Research Evaluation & Funding

At Pure, making academic software development fun — and meaningful

Meet the people who are helping universities manage and showcase their research

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Thomas JorgensenThomas Jorgensen is one of the co-founders of Pure, an online tool that helps institutions pull together information about their researchers, research output, funding and collaboration, report on it and share it publicly. Elsevier acquired Atira, the software company that developed Pure, in 2012.

Here, Thomas writes about the people who develop Pure and work with customers to make sure it’s giving them what they need.

At the Pure <em> julefrokost</em> (Christmas party), some people present a light-hearted round-up of the year. This image is of developer Mads Trier, part of "Team Awesome."Over the last 14 years, we have developed Pure into a system that’s helping universities showcase more than half a million researchers, their work, funding and collaborations, giving them an overview of what is going on within institutions, the quality of their work and how they comply with various rules and regulations. It’s a huge piece of software, with over 5 million lines of code – more than the Mars Rover. There is, of course, a big technical aspect to this work: the portal has to function with institutions’ own systems and external databases, and it needs to be intuitive and responsive.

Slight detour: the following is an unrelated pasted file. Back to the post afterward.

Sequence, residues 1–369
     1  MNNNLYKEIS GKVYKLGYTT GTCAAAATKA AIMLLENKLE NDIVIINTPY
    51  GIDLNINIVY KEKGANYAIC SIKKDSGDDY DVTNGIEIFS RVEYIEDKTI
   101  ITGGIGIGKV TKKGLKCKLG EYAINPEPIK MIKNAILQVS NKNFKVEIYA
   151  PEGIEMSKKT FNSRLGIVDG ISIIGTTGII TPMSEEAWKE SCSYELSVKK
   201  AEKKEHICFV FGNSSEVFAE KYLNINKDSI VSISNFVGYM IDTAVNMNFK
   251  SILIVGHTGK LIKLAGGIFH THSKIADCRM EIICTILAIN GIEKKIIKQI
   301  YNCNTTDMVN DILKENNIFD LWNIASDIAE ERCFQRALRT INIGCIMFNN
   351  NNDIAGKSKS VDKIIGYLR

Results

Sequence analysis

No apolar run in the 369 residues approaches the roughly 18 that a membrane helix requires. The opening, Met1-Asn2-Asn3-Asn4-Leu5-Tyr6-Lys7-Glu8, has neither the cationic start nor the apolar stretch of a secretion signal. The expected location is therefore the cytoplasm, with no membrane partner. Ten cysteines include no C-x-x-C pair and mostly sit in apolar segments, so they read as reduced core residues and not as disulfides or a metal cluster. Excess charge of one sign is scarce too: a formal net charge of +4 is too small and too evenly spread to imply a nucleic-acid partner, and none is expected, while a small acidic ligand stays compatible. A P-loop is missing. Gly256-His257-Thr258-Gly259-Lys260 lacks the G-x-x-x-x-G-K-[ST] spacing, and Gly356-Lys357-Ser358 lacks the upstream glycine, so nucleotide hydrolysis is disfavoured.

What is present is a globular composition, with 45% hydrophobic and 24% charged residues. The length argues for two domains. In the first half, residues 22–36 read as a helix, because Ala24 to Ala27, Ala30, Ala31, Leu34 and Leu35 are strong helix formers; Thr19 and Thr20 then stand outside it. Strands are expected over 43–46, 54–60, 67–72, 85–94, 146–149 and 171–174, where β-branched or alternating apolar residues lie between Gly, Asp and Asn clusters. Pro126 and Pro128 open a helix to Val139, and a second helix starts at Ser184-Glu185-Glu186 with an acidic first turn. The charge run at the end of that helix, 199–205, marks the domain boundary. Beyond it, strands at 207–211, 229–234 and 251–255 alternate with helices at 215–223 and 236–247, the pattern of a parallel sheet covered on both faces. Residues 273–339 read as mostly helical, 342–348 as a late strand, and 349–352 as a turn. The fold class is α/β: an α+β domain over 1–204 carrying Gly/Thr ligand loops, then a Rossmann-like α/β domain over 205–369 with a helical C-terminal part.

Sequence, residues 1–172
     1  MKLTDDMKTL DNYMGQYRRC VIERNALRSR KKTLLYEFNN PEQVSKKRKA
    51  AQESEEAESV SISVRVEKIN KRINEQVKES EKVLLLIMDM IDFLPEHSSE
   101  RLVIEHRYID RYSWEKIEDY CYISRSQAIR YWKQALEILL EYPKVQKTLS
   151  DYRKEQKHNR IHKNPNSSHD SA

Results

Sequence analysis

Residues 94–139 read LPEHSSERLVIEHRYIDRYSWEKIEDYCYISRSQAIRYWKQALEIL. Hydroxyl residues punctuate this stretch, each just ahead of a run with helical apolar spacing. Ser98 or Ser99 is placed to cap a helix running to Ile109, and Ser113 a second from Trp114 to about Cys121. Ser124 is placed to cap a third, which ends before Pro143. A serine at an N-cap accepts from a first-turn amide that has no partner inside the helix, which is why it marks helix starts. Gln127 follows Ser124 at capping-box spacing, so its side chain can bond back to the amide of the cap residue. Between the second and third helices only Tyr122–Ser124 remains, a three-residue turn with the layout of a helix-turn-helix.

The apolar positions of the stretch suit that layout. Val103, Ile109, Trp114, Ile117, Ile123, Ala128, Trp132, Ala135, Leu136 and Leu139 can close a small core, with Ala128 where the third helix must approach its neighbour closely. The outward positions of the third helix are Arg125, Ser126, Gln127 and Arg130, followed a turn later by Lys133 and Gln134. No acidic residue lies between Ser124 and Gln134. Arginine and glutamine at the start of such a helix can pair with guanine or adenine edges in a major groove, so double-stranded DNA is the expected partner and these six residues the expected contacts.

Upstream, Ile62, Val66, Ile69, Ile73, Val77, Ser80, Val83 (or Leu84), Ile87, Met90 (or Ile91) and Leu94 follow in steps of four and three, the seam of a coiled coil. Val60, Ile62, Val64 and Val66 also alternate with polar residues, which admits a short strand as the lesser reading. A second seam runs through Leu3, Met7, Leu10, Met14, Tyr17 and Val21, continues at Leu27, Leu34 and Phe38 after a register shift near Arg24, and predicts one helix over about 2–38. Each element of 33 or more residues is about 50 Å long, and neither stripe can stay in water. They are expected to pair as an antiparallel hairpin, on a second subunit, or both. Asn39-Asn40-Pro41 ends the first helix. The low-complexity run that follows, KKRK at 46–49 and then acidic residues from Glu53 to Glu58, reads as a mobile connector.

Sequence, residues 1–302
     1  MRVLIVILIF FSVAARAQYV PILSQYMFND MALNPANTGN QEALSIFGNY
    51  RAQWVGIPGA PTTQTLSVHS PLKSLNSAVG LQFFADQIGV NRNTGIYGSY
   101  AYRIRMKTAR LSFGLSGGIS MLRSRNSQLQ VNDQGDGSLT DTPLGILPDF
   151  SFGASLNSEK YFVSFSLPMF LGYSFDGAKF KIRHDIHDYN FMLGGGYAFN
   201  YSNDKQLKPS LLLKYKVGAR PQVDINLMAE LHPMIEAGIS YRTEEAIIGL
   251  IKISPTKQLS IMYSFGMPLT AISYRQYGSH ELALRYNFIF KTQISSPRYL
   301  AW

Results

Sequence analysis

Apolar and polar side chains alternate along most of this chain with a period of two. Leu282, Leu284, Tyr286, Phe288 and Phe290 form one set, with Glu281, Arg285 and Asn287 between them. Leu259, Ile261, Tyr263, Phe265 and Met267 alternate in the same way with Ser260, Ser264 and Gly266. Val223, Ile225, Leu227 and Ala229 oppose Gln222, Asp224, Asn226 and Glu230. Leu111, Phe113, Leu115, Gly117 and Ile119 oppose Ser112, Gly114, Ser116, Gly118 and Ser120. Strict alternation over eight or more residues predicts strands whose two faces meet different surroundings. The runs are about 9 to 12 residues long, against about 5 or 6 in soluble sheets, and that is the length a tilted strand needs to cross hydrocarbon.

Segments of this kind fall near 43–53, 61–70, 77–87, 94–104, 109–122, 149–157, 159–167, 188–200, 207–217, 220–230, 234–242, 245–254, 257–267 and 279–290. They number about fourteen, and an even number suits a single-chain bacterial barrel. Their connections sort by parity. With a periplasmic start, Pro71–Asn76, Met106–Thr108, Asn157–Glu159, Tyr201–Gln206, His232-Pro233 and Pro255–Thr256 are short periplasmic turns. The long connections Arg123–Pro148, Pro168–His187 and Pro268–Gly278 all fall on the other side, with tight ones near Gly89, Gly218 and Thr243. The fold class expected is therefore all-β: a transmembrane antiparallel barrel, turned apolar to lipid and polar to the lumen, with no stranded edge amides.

The secret to this is the people behind Pure – those who develop the product and those who work with our customers to make sure it’s giving them what they need.

When we started Pure in Denmark in 2002, we were working with the local university to make a portal that could showcase the university’s expertise and attract more collaborators and funding. We started working with other universities in Denmark, Sweden, Finland, Belgium and Germany, and soon there was big uptake in the UK.

At first, Pure was a tool to help the institutions showcase their experts and research. But soon the system was also being used to document ongoing research and the outcomes of earlier work. With the Research Excellence Framework in the UK – an exercise to determine the quality of the UK’s research output – requiring institutions to provide all sorts of information about their work, reporting became an equally, if not more, important part of the product.

Translating needs into software